Australian GDP Preview: Q3 2019

Consumption growth remains weak.

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We expect GDP growth of 0.3% q/q in Q3 (1.5% y/y) – slowing marginally from the growth rates seen in the last two quarters and a continuation of the weakness seen over the past year. Private demand remains weak, driven by slow consumption growth and falling dwelling investment, although that has been partially offset by growth in net exports and public spending. Weak growth could see the RBA reassess its view that the “economy is at a gentle turning point” given its latest staff forecasts imply solid growth of 0.6 to 0.7% in each of the next two quarters. With growth remaining well below trend, it is likely that employment growth will slow further and that the unemployment rate will edge higher. While the RBA stayed on hold in November while it assessed the impact of easier policy on the economy, current conditions already suggest the need to act further. Indeed, NAB’s expectation is that the RBA will ease rates by a further 25bp in February, with the risk that it will ease further to 0.25% and announce unconventional policy should a material fiscal stimulus fail to materialise – though the timeframe for this is narrowing.

  • Wednesday’s GDP figures are forecast to show a small slowing in growth from last quarter, with growth printing at 0.3% q/q and annual growth slowing to 1.5% y/y. Overall, we see a similar pattern of growth to previous quarters, with weakness in private sector demand partially offset by a rise in next exports and a lift in public spending. The weakness in domestic demand continues to be a household story, with consumption growth remaining weak (goods retailing fell in September and internal modelling suggests services spending has slowed) and the decline in dwelling investment ongoing. Business investment is expected to decline in the quarter with Capex data showing a significant fall in spending on machinery & equipment in the quarter. Again, some of this weakness will be partially offset by a rise in net exports and an increase in government spending.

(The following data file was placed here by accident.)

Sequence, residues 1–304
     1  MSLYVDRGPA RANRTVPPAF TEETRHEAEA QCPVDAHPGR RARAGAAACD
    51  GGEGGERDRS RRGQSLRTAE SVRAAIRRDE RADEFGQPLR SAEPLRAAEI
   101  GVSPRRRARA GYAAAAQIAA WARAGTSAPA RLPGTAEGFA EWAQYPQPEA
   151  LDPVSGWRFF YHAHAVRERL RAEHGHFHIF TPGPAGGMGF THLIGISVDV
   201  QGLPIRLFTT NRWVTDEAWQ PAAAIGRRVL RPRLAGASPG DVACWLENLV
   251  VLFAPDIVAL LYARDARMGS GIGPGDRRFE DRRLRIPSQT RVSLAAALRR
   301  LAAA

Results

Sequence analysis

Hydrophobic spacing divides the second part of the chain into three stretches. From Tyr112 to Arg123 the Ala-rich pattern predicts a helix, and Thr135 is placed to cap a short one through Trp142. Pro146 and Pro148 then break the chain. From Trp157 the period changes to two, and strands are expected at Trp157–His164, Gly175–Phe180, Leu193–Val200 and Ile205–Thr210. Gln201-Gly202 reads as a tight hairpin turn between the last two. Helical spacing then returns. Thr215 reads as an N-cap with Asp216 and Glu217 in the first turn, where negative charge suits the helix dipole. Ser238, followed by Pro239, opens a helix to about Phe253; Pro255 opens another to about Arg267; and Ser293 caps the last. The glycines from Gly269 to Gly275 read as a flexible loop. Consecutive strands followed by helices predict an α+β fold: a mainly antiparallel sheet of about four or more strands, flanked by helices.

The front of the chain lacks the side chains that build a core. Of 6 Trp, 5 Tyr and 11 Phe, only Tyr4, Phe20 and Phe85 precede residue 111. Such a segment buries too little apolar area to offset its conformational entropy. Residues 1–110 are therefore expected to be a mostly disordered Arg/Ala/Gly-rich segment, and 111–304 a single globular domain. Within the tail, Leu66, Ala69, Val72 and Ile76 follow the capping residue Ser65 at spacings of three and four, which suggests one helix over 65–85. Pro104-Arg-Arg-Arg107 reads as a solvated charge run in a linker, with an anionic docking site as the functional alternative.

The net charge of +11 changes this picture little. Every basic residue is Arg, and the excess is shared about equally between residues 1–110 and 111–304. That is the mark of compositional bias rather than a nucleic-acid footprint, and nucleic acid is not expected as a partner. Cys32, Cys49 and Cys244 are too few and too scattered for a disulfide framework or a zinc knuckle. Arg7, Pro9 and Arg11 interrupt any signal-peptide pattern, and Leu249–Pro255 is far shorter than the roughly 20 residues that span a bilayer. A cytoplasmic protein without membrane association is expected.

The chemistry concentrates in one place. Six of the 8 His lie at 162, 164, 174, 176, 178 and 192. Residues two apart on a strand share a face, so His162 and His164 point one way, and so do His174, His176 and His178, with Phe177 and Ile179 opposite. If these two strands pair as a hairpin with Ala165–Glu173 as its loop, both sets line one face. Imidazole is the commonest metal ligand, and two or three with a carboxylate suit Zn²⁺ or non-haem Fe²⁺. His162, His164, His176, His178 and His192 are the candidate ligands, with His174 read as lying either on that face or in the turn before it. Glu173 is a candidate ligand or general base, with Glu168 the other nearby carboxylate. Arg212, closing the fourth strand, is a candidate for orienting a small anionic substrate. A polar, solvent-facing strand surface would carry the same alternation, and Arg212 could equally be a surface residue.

• Looking forward, we expect the same pattern of growth to continue, notwithstanding, a small improvement in overall growth as the impact of declining dwelling investment fades and consumption lifts slightly. We also expect ongoing strength in public sector spending and modest lift in business investment. Overall, this should see growth lift to 2.1% in 2020 before reaching 2.5% in 2021. While this is an improvement from current rates of growth, it suggests that there will be no improvement in the labour market and that inflation will remain weak with growth tracking below potential.
  • The key risks for our forecasts in quarterly terms lie around business investment. The Capex survey suggests that machinery & equipment spending alone will subtract 0.2ppt from GDP in the quarter while we have only factored in a 0.1ppt decline for business investment overall. Our optimism on public spending further out presents a downside risk to our forecasts in 2020 and 2021. While the pipeline of infrastructure work is likely to remain high, we do not see significant growth and at some point spending on the NDIS will plateau, seeing government consumption level out.
  • Monetary policy implications: A slowing in quarterly growth will likely see further reassessment by the RBA of its own forecasts and its optimism that the economy is at a ‘gentle turning point’. Our view is that consumption growth is unlikely to see a significant recovery given the constraints of low income growth and high debt levels. We remain less optimistic than the RBA that growth will return to trend and that there will be an improvement in the unemployment rate. Consequently, we see the RBA cutting the cash rate by a further 25bps in February, with the risk of further cuts and a move to unconventional policy by mid-year should a material fiscal stimulus fail to materialise.

For further details, please see the NAB GDP Preview Q3 2019